Sam hadn’t really expected anyone to bother her about the insulin pump hanging on her side. The most attention anyone had given it was to screen it for off-color blips, and the security guard at the Bay jumper hadn’t even done that. He’d just grinned at her, displayed his own pump, and said, ‘Pray for better tissue matching, eh, sister?’ Airport security was interested only in weapons and explosives, not unlicensed or bootlegged computer equipment. Besides, it really had been an insulin pump once, before she’d gone to work on it.I have to admit that cyberpunk has never really been my thing, and I rather bounced off Synners (short for "synthesisers", people who have allowed their brains to be surgically augmented with devices that allow them to interface directly with computers. It was written in 1991 so the tech has dated rather badly; and I found the proliferation of characters and scene setting, and the fact the the plot doesn't really start until half way through, difficult to engage with. I've greatly enjoyed Pat Cadigan's recent short fiction, but this didn't work for me.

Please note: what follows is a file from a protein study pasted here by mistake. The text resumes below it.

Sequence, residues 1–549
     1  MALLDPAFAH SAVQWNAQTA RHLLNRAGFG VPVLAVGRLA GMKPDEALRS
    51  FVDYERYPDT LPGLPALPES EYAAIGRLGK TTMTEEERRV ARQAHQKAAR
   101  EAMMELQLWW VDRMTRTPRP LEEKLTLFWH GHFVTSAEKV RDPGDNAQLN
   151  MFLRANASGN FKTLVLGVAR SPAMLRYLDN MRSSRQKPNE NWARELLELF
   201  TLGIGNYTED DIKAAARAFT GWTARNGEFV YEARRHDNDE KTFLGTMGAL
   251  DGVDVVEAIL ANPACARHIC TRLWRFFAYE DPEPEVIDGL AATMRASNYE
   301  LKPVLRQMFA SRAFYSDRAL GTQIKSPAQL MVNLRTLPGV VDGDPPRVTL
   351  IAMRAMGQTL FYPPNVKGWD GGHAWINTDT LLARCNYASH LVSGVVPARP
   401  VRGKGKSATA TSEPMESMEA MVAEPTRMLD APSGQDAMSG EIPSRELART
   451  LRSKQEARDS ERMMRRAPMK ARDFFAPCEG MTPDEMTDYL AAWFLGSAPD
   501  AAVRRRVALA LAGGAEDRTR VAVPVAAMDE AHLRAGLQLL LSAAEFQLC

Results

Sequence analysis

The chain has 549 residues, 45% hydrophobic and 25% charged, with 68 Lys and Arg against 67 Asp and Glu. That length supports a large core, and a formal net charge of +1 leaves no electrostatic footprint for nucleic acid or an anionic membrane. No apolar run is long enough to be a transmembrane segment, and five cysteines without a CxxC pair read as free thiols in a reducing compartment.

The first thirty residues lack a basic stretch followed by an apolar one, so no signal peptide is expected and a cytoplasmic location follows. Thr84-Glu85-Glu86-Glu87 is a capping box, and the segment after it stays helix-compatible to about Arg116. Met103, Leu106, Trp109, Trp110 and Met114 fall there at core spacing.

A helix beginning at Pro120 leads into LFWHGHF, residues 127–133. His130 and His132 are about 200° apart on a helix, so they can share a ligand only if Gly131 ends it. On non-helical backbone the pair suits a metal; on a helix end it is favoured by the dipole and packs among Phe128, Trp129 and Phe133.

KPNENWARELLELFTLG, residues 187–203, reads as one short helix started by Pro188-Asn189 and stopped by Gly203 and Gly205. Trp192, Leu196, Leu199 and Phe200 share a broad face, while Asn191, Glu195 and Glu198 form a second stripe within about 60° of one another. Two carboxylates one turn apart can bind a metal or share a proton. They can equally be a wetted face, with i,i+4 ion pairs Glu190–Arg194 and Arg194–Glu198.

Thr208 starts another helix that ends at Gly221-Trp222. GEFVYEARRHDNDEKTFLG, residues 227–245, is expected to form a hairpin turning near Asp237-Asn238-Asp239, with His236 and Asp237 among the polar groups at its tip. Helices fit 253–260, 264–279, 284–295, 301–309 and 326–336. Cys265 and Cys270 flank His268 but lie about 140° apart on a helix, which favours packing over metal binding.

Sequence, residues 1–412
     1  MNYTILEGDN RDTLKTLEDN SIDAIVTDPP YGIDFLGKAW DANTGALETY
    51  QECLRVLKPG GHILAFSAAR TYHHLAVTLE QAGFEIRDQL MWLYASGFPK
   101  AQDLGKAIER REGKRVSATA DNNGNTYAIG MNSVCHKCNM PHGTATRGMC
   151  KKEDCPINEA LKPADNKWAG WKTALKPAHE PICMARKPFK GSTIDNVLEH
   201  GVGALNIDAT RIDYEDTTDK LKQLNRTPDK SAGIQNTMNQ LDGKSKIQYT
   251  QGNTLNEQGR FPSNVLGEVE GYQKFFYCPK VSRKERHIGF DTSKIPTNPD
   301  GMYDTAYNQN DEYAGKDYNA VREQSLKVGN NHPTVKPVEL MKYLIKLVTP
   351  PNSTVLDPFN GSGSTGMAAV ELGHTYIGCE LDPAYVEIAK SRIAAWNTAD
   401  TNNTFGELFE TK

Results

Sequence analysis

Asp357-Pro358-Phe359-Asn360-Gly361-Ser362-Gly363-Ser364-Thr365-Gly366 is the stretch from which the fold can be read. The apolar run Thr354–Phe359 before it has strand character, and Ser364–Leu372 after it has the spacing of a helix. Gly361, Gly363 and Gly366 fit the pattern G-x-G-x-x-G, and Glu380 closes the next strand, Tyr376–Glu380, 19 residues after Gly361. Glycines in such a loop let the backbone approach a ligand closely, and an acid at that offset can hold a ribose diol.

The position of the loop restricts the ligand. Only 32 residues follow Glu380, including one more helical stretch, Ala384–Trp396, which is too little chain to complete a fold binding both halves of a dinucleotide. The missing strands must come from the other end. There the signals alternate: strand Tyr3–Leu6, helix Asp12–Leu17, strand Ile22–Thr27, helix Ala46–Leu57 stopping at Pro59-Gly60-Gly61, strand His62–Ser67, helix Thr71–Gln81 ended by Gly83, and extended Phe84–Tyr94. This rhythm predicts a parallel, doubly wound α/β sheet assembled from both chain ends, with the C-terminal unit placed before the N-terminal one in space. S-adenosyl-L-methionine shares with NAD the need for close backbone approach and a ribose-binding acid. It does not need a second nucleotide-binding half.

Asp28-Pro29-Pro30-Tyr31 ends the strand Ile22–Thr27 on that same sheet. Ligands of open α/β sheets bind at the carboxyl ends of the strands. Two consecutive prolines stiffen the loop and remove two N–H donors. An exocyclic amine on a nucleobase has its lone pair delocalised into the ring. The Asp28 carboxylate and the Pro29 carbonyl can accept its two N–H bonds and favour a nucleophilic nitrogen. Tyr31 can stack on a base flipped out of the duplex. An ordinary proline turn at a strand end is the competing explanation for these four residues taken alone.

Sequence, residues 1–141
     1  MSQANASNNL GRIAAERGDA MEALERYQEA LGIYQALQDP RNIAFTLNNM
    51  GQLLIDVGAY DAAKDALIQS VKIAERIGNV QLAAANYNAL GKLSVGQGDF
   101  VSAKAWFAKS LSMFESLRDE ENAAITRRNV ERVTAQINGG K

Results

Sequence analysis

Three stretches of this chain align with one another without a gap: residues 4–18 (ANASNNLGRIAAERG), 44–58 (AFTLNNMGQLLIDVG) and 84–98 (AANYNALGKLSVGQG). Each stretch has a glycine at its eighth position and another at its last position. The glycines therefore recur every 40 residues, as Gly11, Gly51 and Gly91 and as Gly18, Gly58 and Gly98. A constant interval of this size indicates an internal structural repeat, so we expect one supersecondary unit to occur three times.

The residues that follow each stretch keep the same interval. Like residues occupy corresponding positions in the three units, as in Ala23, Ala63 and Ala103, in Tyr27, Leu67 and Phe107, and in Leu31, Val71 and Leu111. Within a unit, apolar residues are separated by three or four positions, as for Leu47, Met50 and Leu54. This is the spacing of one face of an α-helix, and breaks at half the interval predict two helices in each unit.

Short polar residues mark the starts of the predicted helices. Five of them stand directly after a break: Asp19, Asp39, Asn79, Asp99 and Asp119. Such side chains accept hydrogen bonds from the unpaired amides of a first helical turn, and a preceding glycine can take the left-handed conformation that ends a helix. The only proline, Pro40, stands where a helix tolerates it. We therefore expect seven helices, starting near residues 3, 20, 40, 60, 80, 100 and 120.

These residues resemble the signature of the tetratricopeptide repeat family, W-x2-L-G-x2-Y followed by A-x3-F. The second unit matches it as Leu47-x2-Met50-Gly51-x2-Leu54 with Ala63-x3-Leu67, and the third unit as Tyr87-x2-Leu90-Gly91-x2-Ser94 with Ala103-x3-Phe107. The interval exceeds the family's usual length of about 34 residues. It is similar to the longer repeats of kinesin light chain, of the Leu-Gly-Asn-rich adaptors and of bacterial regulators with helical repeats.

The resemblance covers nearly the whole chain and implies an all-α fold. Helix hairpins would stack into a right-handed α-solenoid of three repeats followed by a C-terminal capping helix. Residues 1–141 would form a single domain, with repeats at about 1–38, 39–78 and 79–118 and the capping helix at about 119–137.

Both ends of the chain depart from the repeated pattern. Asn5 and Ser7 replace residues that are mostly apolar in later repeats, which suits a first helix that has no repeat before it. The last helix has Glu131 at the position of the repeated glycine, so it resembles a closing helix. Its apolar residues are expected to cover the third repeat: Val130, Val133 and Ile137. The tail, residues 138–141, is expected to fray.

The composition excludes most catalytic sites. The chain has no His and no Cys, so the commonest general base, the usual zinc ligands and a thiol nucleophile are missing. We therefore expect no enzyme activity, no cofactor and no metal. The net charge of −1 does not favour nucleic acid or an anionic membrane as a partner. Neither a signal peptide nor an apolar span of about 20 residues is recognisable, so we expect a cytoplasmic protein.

It obviously did work for the 1991 Clarke Award judges since they picked it ahead of Eternal Light by Paul J. McAuley (runner-up), The Hyperion Cantos by Dan Simmons, Raft by Stephen Baxter, Subterranean Gallery by Richard Paul Russo and White Queen by Gwyneth Jones. As previously noted, White Queen was a joint winner of the first Tiptree Award that year, the second Hyperion book won the BSFA (for which Eternal Light was also shortlisted). Synners was on the Nebula shortlist (the winner was Stations of the Tide by Michael Swanwick; the Hugo went to Bujold's Barrayar). I am not sure if I have read Raft; I am sure I haven't read the McAuley or Russo. Next in my sequence of award winners is the Simmons, which I read years ago but have not written up.